You may have guessed that we at love Poland. We love its people and its food, its towns and cities – especially Krakow. But that doesn’t mean we can’t be picky sometimes, especially when it comes to the curious array of habits that many Poles have, some of them more annoying than most. Check em’ out…

Poland's most annoying habits

Polish change | © Live Krakow

Never having change (or having too much pointless change)

What you got? 100 PLN? 200 PLN? Oh boy. Don’t just think you can nip in and out to get a banana or bottle of water. At least not without a fight, disappointed glare or something of the sort. While we like Poland’s currency for its lightness, small size (whoever decided on that massive £10 note?) and simplicity (a beer here is 5, not £3.46), something seriously needs to be done about the lack of change that seems to pop up time and time again, resulting invariably in you staring blankly at a not-so-pleased shopkeeper clutching two-kilo bags of single groszy coins and blinking with the ‘dink dink’ of a bemused cartoon character. Of course, this works both ways – get ready for pockets full of change on the way home.

The intrusive smacznego

Perhaps you’ve settled on the Main Square of Krakow with a steaming paper plate of pierogi? Or are you about to delve into a foot-long pizza bread zapiekanki in the midst of Kazimierz? Maybe it’s just a cheeky Maccies you’re having before hitting the airport and hoping those Poles don’t clap after landing again. Well, whatever it is you’re munching on in the big K, get ready to be hounded to oblivion by strangers, each thinking it’s appropriate to poke their head into your personal space and shout smacznego – the Polish bon apetite if you will… Only joking, we actually love this one!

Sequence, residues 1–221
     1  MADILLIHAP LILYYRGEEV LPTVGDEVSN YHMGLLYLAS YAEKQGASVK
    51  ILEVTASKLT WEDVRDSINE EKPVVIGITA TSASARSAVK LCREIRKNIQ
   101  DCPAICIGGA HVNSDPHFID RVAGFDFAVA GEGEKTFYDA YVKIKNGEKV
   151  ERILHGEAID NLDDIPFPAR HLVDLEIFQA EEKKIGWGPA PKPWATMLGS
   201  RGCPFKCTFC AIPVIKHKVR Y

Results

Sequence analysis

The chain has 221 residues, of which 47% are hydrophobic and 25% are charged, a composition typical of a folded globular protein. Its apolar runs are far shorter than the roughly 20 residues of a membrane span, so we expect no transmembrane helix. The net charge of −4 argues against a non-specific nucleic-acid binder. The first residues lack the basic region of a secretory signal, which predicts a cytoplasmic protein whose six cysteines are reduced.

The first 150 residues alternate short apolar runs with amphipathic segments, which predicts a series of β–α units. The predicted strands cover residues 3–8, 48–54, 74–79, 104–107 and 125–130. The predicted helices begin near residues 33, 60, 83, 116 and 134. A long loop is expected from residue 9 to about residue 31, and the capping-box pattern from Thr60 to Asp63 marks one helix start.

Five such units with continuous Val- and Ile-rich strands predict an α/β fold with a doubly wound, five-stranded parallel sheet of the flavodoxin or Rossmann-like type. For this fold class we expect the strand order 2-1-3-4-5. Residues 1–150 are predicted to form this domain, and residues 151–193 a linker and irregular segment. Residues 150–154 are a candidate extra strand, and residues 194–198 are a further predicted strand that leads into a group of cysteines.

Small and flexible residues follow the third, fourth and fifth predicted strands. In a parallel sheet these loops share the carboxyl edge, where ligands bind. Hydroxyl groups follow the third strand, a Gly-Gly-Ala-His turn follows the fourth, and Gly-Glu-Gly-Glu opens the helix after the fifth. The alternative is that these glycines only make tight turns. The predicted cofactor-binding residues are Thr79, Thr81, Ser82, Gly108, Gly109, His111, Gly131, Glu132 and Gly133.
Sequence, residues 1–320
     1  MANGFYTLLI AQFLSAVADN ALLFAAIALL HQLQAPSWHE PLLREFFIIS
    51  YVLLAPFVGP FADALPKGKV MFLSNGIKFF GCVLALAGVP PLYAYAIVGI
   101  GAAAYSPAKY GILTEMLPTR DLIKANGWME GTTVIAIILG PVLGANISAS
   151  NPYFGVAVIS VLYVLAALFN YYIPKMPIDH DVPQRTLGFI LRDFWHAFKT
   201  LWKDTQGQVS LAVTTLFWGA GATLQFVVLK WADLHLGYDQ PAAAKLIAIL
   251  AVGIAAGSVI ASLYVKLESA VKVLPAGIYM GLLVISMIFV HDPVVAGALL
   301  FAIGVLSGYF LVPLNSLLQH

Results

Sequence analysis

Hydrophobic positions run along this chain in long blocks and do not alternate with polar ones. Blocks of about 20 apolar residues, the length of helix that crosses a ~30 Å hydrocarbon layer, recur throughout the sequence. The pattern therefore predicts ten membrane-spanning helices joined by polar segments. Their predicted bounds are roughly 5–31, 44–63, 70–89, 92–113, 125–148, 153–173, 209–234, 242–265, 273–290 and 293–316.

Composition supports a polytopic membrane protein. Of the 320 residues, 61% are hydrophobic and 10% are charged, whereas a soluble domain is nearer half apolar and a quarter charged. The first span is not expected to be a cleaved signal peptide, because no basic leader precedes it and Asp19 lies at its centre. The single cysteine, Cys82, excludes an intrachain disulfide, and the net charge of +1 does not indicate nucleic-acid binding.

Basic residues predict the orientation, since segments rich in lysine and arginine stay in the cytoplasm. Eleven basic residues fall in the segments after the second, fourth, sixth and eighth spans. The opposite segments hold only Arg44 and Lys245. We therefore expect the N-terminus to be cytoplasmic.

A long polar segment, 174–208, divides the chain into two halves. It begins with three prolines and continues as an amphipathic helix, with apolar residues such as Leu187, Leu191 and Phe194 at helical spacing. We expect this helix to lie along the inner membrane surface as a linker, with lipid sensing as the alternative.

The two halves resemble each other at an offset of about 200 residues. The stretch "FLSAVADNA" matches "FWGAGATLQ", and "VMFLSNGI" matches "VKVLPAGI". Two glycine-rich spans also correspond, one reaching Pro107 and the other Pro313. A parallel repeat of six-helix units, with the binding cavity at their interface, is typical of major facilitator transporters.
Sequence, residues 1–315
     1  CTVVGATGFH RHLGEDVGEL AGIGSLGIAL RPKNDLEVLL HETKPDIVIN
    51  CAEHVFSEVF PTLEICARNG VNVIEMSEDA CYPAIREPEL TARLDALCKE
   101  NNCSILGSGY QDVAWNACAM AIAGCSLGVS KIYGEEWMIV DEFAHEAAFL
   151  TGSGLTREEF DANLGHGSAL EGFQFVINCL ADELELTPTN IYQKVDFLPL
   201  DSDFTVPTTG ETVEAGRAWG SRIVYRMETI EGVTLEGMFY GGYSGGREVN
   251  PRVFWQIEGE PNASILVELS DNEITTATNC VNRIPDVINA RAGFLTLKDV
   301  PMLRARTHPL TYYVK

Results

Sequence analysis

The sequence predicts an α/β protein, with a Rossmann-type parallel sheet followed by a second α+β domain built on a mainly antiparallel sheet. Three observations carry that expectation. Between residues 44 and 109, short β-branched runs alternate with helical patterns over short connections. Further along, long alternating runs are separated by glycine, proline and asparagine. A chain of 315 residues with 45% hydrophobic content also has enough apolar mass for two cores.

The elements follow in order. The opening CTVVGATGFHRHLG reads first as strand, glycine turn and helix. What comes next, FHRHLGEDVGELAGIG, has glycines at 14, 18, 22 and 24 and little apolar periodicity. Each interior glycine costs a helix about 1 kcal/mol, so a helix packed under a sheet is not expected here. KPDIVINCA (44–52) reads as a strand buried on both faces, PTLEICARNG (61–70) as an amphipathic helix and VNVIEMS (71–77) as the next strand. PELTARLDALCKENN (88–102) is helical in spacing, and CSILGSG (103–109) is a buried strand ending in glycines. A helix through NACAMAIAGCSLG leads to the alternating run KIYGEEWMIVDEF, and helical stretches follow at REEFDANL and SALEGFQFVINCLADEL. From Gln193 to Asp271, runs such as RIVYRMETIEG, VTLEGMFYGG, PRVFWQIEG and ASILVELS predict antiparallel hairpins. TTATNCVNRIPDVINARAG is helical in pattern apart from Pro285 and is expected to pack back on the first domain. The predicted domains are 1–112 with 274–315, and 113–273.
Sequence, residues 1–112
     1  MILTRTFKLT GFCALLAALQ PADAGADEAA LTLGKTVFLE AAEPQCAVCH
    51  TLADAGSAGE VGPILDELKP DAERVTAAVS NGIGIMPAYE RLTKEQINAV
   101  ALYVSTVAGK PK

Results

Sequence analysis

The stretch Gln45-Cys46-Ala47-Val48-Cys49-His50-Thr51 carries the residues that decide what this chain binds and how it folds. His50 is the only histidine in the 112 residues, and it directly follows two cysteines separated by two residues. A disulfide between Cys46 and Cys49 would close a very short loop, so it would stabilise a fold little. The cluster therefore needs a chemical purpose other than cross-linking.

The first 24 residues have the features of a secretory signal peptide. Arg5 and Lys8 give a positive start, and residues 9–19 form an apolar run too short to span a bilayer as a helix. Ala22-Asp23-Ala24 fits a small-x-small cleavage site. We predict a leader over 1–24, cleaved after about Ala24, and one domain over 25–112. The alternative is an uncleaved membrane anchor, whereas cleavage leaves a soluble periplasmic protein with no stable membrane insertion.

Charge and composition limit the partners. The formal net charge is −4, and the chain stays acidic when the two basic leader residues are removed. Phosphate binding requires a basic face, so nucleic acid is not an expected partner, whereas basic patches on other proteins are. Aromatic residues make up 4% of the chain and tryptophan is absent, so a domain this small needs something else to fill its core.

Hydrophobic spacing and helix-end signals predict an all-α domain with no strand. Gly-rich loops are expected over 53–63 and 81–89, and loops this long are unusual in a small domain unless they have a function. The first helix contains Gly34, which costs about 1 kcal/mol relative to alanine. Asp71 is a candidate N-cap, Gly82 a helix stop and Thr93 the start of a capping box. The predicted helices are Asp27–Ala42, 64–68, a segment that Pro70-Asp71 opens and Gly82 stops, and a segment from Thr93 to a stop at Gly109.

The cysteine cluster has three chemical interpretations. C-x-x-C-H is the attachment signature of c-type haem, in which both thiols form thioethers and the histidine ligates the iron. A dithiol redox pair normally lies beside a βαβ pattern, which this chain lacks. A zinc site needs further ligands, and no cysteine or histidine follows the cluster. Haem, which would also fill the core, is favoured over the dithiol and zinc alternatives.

LOT Polish Airlines | © BriYYZ/Flickr

LOT Polish Airlines | © BriYYZ/Flickr

Clapping when the plane lands

We’ve all been there: the moment when the plane rumbles towards the John Paul II Airport. You can hear the landing gear creaking out below the fuselage and the light tinkling as the mini gin bottles rattle on the distant drinks cart. ‘I wish I’d stocked up on them bad boys,’ you’re thinking, just as the Boeing dips out of the Polish skies and into the smog-heavy atmosphere above Krakow. Then it happens fast! One moment you’re a kilometre in the clouds, the next the rubber tyres of your jet-powered aero car are screeching to a halt on the rough communistic concrete. The sweaty grips loosen all around the cabin and a sigh of relief is exhaled in unison. Better clap like nitwits while the Ryanair jingle fanfares above. I mean, that one was close right? Ah, Poland, Poland, Poland.

That over-zealous Smigus Dyngus person

You’ve probably heard of the weird and wonderful post-Easter Polish holiday of Smigus Dyngus – you know, the one where everyone sprays everyone else with water (yea, us neither). Well, if you do happen to be in town for this, umm, interesting holiday, be prepared to meet just a few over-zealous characters: the ones who weren’t taught were the proverbial line was in school. We’ve heard stories of less-than-savoury types casting their beer into the air from the street corners, no doubt innocently sure it was Smigus’-own water, but nonetheless pretty annoying.


Trzesniewski, a Polish sandwich shop in Vienna (see, open!) | © Reisender1701/Flickr

Never, ever closing a sandwich

Okay, so this one’s slowly changing (no doubt as more and more Poles discover the delights of the closed sandwich), but it’s still a big issue if you’re just after a classic packed bun or filled bread (to steal a phrase from some rather pretentious pubs). In short: don’t expect them to be readily available around Krakow. Open sandwiches here are the norm, and we’ve even watched on wide-mouthed as locals prepare both sides of the bread – BOTH SIDES! – before proceeding to plate up, ostensibly happy with the fact that the whole thing still remains gaping and open. I’ve said it before and I’ll say it again: that ain’t no sandwich. I’m looking at you Trzesniewski!

Did we miss anything? Let us know…